IWF Spain member Celia de Anca contributed a recent article to the Harvard Business Review about the new trend of creating “communities of aspiration,” (CCAs) in the workplace. CCAs are internal groups in companies formed to address a specific business or intellectual challenge.
de Anca explains the difference between CCAs and other types of communities in the workplace, such as communities of origin, which are formed based on our personal connections to to the past and our identities (based on race, gender, religion or past experiences).
“Communities of aspiration look toward the future. If communities of origin and growth are bonded by perceptions of sameness, communities of aspiration are held together by the differences between their members. Corporate communities of aspiration (CCAs) are (often temporarily) bound together by a common business or intellectual challenge. They benefit from the differences between members to co-create or co-execute specific tasks, and when the task is complete, they dissolve.” (Source: Harvard Business Review)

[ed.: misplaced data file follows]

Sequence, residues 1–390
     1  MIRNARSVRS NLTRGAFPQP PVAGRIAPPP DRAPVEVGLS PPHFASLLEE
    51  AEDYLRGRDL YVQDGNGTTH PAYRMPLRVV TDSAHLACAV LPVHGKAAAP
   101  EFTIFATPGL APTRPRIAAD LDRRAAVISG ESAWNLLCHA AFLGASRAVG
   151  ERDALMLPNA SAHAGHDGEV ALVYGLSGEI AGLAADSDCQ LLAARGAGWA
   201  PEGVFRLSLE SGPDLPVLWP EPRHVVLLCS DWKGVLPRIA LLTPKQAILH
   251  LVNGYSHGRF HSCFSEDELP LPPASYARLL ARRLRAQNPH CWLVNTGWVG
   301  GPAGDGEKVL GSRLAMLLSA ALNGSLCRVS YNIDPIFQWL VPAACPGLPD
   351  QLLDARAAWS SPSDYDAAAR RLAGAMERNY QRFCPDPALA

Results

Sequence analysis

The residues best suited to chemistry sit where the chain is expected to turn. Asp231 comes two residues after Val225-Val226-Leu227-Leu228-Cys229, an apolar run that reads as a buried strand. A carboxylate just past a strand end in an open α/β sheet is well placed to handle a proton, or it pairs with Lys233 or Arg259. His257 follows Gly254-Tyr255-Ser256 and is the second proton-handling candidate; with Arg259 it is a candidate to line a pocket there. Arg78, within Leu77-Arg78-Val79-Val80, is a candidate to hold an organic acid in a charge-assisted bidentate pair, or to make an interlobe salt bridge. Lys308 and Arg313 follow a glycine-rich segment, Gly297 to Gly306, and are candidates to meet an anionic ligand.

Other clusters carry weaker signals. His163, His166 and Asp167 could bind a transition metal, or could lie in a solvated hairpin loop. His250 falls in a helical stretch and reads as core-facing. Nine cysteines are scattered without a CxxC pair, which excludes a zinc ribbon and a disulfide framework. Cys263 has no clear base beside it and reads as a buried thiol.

Celia de Anca, Ph.D is currently the Director of the Centre for Diversity in Global Management at IE Business School. She was previously the Director of Corporate Programmes at the Euro-Arab Management School, Granada. She is the author of Beyond Tribalism (Palgrave McMillan 2012) and co-author of Managing Diversity in the Global Organization